But negative WC is not always a bad thing – especially for businesses that get paid every few days and have a high inventory turnover rate. In this case, a little working capital on hand is a great thing because they generate cash very quickly.

What is the working capital cycle?

This is the time it takes to convert total net working capital into cash. It reflects the efficiency and ability of the company to manage its short-term liquidity position. A shorter cycle means the business gets to free up cash that’s locked in working capital. A longer one means that capital is stuck in the running cycle without yielding any returns. Shortening the cycles enhances short-term liquidity situation and provides a boost in business efficiency.

Working capital cycle revolves around managing four key elements. These are inventory, cash, receivables, and payables. A company must have full control of these critical elements to have a controlled and efficient cycle. Smart businesses manage this cycle by:

  • Increasing sales
  • Increasing the credit period from suppliers
  • Reducing the credit period given to customers.

Here’s how the working capital cycle works for most companies:

  • The company takes materials (on credit) to manufacture a product – and have a set time to pay (let’s assume 90 days)
  • On average, the company sells inventory in 80 days (days payable outstanding)
  • A client gets the products but pays 25 days later

Let’s break this down further. The company buys materials on credit under accounts payable, but will have to repay the amount in 90 days. It sells the finished products 80 days after buying raw materials. However, the company doesn’t get the cash immediately as the goods are sold on credit under accounts receivable. 25 days after selling, the company gets cash, and the working capital cycle completes.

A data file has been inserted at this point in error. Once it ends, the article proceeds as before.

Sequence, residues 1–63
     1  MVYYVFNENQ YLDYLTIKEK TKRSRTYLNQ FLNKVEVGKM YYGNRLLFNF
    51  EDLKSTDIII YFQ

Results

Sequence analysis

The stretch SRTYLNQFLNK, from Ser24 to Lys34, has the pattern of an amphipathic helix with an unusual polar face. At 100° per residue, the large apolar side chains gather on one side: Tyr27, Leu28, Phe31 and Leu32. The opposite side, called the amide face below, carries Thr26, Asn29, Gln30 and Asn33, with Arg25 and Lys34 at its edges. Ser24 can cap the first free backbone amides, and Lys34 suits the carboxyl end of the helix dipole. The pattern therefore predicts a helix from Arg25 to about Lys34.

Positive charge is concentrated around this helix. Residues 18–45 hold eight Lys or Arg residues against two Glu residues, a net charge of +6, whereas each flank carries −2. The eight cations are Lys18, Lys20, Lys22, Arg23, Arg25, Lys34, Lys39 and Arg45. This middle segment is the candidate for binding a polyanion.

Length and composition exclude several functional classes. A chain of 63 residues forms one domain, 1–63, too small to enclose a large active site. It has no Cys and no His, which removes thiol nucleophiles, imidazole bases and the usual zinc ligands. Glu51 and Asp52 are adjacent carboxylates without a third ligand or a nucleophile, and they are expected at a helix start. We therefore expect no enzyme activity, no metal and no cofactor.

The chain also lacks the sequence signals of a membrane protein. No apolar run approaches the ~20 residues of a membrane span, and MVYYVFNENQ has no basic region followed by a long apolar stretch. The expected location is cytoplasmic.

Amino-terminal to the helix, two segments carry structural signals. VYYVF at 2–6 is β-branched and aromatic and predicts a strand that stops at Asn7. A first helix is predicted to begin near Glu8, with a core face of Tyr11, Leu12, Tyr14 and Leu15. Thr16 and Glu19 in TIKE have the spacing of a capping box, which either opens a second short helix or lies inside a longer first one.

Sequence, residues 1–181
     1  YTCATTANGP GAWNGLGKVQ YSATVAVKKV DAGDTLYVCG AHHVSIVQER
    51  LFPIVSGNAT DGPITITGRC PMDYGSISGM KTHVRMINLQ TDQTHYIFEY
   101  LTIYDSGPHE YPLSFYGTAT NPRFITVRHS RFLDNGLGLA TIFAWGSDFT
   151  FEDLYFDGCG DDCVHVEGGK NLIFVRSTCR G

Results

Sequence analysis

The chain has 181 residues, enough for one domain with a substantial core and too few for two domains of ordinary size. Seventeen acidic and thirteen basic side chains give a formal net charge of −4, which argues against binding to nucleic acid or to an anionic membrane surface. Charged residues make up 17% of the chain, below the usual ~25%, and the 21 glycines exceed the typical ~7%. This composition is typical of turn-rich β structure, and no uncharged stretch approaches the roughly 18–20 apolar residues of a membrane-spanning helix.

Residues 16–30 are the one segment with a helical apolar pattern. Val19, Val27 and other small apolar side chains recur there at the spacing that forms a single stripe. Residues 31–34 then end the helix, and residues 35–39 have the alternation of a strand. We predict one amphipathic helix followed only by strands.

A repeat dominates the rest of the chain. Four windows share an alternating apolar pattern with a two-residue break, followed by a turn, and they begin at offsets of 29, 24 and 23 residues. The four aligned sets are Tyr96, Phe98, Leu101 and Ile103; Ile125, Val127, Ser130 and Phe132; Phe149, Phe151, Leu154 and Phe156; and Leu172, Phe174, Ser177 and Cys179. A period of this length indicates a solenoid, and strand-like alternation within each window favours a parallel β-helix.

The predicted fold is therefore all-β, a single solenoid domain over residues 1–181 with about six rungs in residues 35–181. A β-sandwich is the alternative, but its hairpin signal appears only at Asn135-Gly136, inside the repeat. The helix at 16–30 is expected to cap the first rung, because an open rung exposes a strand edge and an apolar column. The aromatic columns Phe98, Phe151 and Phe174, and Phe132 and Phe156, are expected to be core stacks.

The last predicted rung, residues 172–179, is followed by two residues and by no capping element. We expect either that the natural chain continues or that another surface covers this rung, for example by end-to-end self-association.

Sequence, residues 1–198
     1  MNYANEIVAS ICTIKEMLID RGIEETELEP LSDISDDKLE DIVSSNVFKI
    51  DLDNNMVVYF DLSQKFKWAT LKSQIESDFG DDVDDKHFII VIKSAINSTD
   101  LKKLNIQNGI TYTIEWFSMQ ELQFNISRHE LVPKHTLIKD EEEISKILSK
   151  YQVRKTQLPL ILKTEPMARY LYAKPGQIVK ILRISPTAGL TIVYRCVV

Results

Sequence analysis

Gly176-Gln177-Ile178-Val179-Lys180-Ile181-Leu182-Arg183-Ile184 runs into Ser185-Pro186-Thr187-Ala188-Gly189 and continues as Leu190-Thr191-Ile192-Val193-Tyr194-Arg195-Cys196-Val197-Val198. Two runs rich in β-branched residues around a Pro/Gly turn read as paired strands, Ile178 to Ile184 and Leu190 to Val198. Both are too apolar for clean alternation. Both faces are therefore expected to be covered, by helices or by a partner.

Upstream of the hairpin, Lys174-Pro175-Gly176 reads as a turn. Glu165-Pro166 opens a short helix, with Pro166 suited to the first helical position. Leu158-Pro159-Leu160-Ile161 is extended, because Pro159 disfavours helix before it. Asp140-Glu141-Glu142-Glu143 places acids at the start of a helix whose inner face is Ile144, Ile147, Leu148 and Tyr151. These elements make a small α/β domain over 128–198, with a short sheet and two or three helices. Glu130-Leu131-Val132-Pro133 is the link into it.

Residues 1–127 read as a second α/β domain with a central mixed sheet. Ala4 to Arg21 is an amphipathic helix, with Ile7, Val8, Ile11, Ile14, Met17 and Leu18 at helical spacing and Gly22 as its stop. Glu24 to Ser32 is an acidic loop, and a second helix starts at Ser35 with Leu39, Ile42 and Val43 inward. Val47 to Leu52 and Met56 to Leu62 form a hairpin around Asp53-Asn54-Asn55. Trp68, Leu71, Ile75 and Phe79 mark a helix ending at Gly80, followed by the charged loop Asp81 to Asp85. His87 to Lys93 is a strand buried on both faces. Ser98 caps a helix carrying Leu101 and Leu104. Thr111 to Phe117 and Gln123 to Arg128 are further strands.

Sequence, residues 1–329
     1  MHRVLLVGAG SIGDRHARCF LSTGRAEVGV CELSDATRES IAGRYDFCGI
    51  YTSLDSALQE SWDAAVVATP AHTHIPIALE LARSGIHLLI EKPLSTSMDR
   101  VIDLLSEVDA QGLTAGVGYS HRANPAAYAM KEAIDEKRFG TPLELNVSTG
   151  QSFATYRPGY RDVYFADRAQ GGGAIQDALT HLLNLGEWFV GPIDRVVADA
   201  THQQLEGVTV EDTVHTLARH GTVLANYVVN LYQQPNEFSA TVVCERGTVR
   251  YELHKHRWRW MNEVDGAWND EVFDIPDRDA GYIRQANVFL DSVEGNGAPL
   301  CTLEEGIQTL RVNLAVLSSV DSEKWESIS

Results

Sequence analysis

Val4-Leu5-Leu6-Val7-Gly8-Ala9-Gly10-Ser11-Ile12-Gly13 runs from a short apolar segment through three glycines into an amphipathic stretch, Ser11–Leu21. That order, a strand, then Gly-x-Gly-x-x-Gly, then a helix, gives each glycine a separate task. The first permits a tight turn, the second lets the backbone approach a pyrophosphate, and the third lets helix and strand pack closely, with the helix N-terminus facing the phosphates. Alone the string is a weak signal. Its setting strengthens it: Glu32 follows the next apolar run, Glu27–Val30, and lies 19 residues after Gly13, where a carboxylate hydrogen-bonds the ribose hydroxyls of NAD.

How to calculate working capital

Working capital represents the difference between a company’s current assets and current liabilities. It is calculated using this formula:

Working capital = current assets – current liabilities

Working capital cycle = inventory Days + Receivable Days – Payable Days

Using the above example

WCC = 80 + 25 – 90 = 15

So the company is only out of pocket cash for 15 days before getting all of the payment.

How is the working capital used?

Cash is the lifeline of a business. The company’s ability to fund projects, operations, payments, and capital requirements depend on cash. Working capital is the cash that a business needs to finance operations. More specifically, it’s what finances the conversion of raw materials to finished products, which the business sells for payment.

When it comes to working capital, more is better. It means that the company won’t have a hard time coping with expenses. It also means that there’s a surplus to be invested in other ways to increase the ROI. But since businesses vary, we cannot safely say a specific amount of working capital will guarantee smooth operations. Some sectors, like retail, have varying working capital needs throughout the year. They need additional working capital to finance the extra staff and inventory needed for the holidays. In which case, they will have higher expenses and low revenues in the off-season leading up to their high-demand seasons.

Working capital acts as a buffer when the revenues are low. It takes care of paying staff and other operational needs when sales are low. In case the working capital is not enough, businesses can always opt for a line of credit from banks to weather the storm.